With the belief that the Mosque should play an essential role in the regeneration of the area of Saadiyat Island, the design serves not only the function of a religious building, but consists also an open place of gathering and interaction. This spatially unique place aims to bring people together to celebrate the rich rituals of everyday life.
Urban and environmental challenges are combined sensitively with cultural aspects and integrate with the established geometrical principals that generate the form of the building. Conceived as a new building typology, the Mosque aspires to have a strong civic presence, in an effort to synthesize spatial quality, functionality and the relationship of the building with its context, culture and the urban environment.
With a sensitive implementation on the site, the building becomes a continuation of the sea through a lifted platform serving as a Prayer Hall that expands towards infinite. Fluid formations refer to the motion of the sea in an effort to connect the building to the surroundings.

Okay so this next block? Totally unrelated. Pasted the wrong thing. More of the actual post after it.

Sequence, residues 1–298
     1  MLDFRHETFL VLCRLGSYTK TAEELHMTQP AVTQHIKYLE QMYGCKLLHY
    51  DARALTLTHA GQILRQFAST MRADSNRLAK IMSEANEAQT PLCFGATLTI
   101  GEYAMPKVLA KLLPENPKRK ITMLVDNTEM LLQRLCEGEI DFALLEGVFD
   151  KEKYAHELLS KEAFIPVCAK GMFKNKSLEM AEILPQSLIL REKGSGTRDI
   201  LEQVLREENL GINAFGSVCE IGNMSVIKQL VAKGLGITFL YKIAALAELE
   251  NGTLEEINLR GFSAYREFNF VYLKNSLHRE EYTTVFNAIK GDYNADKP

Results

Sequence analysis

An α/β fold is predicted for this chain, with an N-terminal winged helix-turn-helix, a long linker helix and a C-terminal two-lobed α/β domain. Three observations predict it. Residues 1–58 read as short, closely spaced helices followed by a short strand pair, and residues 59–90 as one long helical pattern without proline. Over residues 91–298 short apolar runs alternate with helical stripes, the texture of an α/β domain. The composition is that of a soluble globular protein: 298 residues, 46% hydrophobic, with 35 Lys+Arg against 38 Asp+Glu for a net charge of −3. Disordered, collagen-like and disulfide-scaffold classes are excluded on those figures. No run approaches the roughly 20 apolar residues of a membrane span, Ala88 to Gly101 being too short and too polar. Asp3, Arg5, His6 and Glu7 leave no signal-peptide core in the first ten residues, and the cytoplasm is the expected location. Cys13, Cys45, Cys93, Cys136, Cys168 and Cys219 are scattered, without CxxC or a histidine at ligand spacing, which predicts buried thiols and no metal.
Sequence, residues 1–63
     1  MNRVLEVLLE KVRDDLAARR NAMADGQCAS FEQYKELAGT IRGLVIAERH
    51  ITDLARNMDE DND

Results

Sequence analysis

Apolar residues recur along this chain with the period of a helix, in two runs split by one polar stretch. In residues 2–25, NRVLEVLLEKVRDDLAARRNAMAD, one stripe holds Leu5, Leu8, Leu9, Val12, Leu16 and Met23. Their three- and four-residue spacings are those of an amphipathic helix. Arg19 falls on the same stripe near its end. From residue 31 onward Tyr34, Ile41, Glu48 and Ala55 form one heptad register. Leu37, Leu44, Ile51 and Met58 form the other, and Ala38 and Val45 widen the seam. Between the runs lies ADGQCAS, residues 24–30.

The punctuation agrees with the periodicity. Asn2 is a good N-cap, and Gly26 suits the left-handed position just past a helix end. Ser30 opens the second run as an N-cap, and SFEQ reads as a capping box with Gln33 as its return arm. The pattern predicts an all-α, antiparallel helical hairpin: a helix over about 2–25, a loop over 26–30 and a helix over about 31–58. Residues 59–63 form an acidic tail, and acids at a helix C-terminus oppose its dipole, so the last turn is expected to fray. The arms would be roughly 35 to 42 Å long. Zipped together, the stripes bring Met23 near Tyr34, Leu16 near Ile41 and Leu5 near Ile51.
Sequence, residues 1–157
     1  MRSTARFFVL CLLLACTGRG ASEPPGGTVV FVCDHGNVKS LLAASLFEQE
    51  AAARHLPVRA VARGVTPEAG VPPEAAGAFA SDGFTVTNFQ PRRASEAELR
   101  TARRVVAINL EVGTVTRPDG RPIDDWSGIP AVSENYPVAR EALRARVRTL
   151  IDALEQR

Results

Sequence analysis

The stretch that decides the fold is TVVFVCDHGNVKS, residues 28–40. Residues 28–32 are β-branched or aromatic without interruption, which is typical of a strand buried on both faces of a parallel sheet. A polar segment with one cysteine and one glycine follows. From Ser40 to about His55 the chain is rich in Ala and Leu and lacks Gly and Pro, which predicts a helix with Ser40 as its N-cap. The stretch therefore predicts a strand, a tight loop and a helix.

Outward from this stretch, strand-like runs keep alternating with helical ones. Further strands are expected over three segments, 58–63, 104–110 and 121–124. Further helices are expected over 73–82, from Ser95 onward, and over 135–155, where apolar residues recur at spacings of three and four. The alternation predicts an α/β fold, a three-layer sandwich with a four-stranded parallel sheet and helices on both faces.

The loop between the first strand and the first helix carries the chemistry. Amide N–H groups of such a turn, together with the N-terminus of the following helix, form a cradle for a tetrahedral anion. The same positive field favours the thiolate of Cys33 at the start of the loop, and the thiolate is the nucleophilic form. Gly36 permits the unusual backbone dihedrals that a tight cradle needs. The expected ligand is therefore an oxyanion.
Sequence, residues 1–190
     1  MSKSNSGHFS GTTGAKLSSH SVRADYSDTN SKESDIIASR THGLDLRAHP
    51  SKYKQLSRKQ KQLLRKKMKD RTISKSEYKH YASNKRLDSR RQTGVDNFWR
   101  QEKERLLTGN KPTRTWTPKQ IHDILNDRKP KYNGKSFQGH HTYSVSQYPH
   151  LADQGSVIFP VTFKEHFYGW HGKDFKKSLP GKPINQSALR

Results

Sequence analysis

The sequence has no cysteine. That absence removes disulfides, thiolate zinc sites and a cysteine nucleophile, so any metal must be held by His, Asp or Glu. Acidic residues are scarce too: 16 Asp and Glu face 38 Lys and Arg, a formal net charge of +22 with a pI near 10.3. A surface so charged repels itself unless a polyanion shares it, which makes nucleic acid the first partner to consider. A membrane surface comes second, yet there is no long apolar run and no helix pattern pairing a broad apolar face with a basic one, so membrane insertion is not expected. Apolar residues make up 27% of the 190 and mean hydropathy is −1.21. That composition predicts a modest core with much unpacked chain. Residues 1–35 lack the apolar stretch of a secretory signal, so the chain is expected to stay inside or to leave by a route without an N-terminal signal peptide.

The shape of the building is a generous platform that barely touches the ground, narrowing at the top and disappearing in the air. The building’s totally unified floor plan aligns with the urban grid and extends to the sea. This volume is sliced by an inclined plane in order to face Mecca and the ocean. The slicing produces a cut in the volume that shapes a giant wave in the elevation of the building, referring to the motion of the sea.
Ground floor is presented as a bridge between the city and the sea while the deck extends and sinks in the water. The open shaded areas create a clear threshold between circulation and prayer space. On the street level the inviting layout forms an assembly space for urban life. Open at all times, the deck not only defines the entrance points but acts as a focal point of public life that will significantly enliven the street culture around the building. The white pillars rise up from the ground, emphasizing the overarching movements of the shape and creating a covered public space that frames views to the ocean.
Inside the vast prayer room the circulation pathways emerge through the floor in a fluid manner, providing indirect access points that do not interfere with the function of the Mosque. Only the “dunes” that lift locally the floor punctuate the totally free plan. These architectural elements together with the sinuous “mihrab”, create the landscape of the Prayer Hall, while the interior doubles the transverse dimension to enable the whole space appearing unbounded.